Kicking off the soccer season |

Kicking off the soccer season

Craig Parks and Recreation soccer allows children 15 and younger to get out and play

Ben Bulkeley
Ryan Peck, right, reacts as Logan Montgomery scores a goal Tuesday night at Woodbury Sports Complex. Peck and Montgomery are participating in Craig Parks and Recreation 5- to 6-year-old soccer this summer.
Ben Bulkeley

— From pint-sized mid-fielders to aspiring Peles, soccer in every shape and form kicked into action Monday and Tuesday.

The Craig Parks and Recreation youth soccer league, which features footballers ages 5 to 15, has taken over Woodbury Sports Complex with the baseball season over.

On each field, there were brightly colored jerseys and players of all ages, either learning rules of the game or how to perfect a corner kick.

In the 15-and-younger league, there are three teams.

On Tuesday, it was a match-up of the neon green team and the red team.

Ricardo Zaragoza, 12, was playing defense for the green team, which was just fine with him.

“I think I’d rather prevent a goal than score one,” he said.

Zaragoza said he likes playing summer soccer because it gives him a chance to reconnect with friends.

“It’s fun. It’s just something I do,” he said. “I’ve played since I was little.”

Katia Voloshin, 11, switches positions from mid-fielder and forward.

“I like forward more, I think,” she said. “Probably because it takes a lot of running.”

This summer marks Voloshin’s fourth on the soccer field.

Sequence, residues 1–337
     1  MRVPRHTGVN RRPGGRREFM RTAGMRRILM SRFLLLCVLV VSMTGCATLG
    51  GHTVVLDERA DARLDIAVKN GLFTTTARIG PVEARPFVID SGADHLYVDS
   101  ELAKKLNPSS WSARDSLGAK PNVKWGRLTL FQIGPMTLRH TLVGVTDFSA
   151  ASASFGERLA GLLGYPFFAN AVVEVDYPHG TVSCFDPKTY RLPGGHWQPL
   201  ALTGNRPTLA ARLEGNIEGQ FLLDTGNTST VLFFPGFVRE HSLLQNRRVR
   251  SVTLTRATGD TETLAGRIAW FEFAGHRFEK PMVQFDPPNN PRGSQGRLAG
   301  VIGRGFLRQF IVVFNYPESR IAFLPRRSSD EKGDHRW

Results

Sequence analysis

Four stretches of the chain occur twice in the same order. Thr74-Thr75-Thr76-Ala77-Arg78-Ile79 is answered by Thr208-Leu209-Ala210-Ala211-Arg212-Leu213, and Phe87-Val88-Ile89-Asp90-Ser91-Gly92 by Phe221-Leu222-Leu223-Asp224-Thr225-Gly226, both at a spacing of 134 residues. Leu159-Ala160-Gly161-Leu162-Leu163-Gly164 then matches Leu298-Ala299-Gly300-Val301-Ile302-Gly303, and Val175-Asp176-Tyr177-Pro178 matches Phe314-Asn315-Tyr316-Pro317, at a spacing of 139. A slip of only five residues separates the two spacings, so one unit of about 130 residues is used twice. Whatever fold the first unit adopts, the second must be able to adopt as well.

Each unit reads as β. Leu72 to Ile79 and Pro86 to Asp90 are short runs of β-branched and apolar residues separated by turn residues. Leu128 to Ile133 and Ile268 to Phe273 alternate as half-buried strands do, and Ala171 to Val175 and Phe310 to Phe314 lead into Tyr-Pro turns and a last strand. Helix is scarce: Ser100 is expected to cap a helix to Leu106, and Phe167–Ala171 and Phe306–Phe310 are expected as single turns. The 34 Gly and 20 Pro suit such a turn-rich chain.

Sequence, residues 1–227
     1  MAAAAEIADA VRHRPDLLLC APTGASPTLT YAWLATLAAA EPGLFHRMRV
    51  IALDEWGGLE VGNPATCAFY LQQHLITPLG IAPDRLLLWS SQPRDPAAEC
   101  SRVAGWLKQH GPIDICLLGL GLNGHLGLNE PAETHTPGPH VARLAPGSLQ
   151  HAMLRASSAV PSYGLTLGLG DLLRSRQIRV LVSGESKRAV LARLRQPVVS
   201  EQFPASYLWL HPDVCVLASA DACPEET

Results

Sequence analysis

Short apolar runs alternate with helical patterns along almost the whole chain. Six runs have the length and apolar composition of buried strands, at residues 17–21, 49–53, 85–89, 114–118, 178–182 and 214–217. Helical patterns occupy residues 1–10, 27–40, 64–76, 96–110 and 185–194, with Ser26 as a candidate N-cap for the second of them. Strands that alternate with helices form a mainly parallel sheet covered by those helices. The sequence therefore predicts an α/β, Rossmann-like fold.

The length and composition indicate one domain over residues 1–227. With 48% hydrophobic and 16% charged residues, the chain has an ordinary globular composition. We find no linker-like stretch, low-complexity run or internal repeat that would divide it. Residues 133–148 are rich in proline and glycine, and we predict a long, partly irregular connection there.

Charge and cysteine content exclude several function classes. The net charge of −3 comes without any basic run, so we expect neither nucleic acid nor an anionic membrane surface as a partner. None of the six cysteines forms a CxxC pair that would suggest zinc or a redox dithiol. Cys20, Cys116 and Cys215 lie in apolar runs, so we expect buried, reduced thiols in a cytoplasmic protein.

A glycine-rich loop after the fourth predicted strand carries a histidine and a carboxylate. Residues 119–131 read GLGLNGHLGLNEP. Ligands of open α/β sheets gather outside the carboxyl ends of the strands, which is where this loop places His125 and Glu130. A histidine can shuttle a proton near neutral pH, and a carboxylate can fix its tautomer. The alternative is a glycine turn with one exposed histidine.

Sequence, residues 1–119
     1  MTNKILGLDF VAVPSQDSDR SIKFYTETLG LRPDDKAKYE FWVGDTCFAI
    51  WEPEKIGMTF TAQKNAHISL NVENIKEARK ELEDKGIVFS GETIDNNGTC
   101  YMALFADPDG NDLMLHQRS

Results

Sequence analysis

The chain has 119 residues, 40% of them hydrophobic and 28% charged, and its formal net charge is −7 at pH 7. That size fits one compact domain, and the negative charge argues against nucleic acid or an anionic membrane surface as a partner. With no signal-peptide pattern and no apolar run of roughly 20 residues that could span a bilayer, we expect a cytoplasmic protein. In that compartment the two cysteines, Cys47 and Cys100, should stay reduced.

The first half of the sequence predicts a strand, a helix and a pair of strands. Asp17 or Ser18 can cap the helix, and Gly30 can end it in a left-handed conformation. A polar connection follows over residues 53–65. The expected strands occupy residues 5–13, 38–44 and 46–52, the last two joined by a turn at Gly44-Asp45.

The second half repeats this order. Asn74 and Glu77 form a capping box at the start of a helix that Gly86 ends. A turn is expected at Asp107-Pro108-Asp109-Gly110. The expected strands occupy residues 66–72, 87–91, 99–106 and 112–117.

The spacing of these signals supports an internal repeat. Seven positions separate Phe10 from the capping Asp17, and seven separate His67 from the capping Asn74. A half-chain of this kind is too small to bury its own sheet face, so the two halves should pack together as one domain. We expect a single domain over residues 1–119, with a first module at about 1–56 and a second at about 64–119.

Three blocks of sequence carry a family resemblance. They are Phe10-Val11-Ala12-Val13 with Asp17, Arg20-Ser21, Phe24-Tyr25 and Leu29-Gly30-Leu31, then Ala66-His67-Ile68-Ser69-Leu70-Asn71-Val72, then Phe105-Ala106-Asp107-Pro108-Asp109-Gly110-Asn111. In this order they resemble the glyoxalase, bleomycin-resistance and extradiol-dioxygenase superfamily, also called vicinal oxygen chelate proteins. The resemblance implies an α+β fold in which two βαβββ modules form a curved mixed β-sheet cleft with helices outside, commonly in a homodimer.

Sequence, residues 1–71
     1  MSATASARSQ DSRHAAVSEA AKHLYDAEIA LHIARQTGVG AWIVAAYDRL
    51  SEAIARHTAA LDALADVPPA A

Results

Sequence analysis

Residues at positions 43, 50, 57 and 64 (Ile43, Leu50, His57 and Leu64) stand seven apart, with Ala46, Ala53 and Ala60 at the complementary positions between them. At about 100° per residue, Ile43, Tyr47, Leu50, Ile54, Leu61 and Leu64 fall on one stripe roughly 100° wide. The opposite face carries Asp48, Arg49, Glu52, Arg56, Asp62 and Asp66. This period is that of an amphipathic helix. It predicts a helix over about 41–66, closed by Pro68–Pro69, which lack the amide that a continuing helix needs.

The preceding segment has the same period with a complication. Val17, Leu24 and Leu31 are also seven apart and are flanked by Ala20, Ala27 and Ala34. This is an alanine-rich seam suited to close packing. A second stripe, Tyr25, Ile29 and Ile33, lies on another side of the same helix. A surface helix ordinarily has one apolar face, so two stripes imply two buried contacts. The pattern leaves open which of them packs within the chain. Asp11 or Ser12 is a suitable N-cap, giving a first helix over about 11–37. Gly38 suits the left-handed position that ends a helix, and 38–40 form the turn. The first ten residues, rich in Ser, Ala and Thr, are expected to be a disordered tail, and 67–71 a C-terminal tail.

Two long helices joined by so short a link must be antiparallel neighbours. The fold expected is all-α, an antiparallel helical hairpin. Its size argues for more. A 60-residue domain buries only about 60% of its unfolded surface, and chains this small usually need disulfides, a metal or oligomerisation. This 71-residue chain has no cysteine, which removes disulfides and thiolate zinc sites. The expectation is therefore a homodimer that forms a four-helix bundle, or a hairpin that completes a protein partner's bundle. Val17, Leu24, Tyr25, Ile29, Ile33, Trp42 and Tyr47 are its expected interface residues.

“I just played a lot of sports, and I thought it would be good exercise,” she said. “Basketball is probably my favorite sport, but I like soccer, too.”

Like Voloshin, Alex Samuelson, 12, likes playing forward because of the running.

Or, what she gets out from running.

“I like forward because I’m energetic, and it gets all my energy out,” she said. “I’m mainly energetic because I eat a lot of sugar.”

Angel Dunlap, 13, plays on the same team with Voloshin and Samuelson.

“Soccer’s a good way to release some anger,” she said. “I don’t need to, but I have friends who say it’s a good way to take out your anger.”

On Tuesday, coaches Chris Herring and Matt Walker watched their yellow team of 5- and 6-year-old players play inspired ball against the green team.

“I played soccer as a kid,” Herring said. “And it’s something I enjoyed, and I wanted to pass that to my kids.”

Walker and Herring have children on the team, which inspired them to volunteer.

“All the kids get to come out here and run around,” Walker said. “They get to learn the game and have fun.”

Enjoying the game is the main goal, Herring said.

“It doesn’t matter who won,” Herring said. “It just matters who had fun.”

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